NAPLES — Wal-Mart may be global, but the retail giant wants its advertising to become more local.
"We think there's an opportunity to take our message local, but we need to find innovative ways to do that so that you don't sacrifice the scale of the national buy," said Tony Rogers, Wal-Mart's senior vice president for marketing, at a News Industry Summit in North Naples on Tuesday.
The three-day industry summit, hosted by the Southern Newspaper Publishers Association, at The Ritz-Carlton, Naples, focused on growing newspapers in the digital age. Rogers discussed the transformation of retail marketing in the digital age and how Wal-Mart is looking to grow its business.
Rogers talked "off the record" to the publishers' group, but agreed to share some of his comments with the media after his speech.
"We're seeing a huge chunk of the growth coming from multicultural customers and it's a huge focus for us," Rogers said.
Multicultural means Asian, African-American and Hispanic.
The world's largest retailer has gone more local with its ads that show real customers who shopped elsewhere taking their receipt to a nearby Walmart to see how much they could have saved on the same bill.
But Wal-Mart has found those ads have a short shelf life, with prices and deals constantly changing, Rogers said.
He said there is "a lot of noise in the marketplace" from competing retailers, offering buy-one, get-one free deals and loyalty cards with discounts, for example.
While Wal-Mart's circular ads in the newspaper are effective, Rogers said the retailer is looking for additional ways to connect with customers.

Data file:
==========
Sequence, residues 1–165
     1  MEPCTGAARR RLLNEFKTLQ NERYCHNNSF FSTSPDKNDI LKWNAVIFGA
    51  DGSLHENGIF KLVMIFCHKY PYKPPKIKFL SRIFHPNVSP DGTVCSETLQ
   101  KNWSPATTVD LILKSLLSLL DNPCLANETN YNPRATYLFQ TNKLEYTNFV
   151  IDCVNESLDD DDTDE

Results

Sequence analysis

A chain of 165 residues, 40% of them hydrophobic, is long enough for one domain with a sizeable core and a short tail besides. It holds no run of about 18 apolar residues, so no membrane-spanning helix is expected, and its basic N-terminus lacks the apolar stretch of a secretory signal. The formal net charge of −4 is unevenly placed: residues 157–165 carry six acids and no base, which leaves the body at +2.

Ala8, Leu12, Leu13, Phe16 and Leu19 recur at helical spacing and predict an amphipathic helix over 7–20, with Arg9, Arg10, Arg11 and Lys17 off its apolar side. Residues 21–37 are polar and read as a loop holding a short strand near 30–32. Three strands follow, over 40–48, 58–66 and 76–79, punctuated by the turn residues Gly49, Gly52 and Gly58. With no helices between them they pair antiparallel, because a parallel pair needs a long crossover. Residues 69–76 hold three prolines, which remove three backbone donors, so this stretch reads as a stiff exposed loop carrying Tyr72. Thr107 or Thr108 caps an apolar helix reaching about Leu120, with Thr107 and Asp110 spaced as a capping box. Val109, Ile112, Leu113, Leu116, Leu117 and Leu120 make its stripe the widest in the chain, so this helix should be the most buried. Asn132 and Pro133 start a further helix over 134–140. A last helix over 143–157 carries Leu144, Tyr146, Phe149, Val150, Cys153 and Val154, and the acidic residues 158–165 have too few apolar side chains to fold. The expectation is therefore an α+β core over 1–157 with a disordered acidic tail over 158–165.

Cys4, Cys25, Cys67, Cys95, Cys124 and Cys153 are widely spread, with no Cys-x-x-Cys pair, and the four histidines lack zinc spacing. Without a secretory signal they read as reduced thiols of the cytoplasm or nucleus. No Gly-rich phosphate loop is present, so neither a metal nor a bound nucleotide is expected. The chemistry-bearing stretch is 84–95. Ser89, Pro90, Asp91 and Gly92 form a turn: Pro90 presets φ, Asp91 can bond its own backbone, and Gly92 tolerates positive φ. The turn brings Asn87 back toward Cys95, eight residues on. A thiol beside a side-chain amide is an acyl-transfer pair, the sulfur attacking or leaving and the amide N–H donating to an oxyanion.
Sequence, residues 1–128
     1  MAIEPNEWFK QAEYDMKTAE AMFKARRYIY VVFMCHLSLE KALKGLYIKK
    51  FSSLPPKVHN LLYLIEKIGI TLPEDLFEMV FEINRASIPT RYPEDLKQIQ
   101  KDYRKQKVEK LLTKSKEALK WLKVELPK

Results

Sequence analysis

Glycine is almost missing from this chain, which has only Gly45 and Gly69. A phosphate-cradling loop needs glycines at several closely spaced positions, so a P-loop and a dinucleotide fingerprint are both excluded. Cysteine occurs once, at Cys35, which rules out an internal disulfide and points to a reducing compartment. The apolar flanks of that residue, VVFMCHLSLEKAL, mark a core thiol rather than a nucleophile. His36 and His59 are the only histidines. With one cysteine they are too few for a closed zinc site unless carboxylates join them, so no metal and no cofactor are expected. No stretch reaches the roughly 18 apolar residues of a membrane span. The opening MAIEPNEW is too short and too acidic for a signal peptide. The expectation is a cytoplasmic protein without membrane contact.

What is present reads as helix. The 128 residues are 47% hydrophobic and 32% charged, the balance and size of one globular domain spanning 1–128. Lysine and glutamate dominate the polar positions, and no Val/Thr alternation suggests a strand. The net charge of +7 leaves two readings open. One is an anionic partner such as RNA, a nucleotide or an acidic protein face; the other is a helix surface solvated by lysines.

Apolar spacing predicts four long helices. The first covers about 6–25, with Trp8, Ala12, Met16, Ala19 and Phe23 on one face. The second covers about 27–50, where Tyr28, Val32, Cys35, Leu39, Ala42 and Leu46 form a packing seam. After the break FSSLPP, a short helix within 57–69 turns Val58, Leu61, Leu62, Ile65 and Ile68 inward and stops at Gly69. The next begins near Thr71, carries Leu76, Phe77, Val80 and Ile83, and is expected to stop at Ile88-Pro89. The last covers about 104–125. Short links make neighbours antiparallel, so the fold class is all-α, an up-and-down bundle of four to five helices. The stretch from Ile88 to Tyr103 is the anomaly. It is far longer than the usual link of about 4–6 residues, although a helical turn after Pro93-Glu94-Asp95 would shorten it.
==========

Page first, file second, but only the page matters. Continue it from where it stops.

"The idea really is to reach the customers where they are so if our customers get most of their information from a mobile phone, I need to figure out how to be on their mobile phone," Rogers said.
He challenged newspaper executives to think of ways to partner with Wal-Mart to reach more customers locally with its low-price message: "Save Money, Live Better."
"We're trying to stay hungry even though we're big," Rogers told the group.
He said if newspaper executives worked together to provide solutions to Wal-Mart's marketing challenges, it would be better than hearing from them one at a time.
During his speech, Rogers discussed the founding of Wal-Mart more than 50 years ago, sharing a quote from the company's creator, Sam Walton, who in his last public statement said, "If we work together we'll lower the cost of living for everyone. We'll give the world an opportunity to see what it's like to save and have a better life."
Today, the company has annual sales of more than $440 billion and about 2.2 million associates worldwide.
In keeping with the discount retailer's mission, Rogers told the group he decided against staying at the Ritz-Carlton, choosing a nearby Hampton Inn instead.
At Wal-Mart, he said, an expense report for the Ritz-Carlton wouldn't go through without raising some eyebrows.
After Rogers spoke, several attendees approached him, saying they had ideas to help make Wal-Mart's advertising more local. Jack Haire, the president and CEO of Parade Publications in New York, described his talk as a "home run."
Connect with Laura Layden at www.naplesnews.com/staff/laura_layden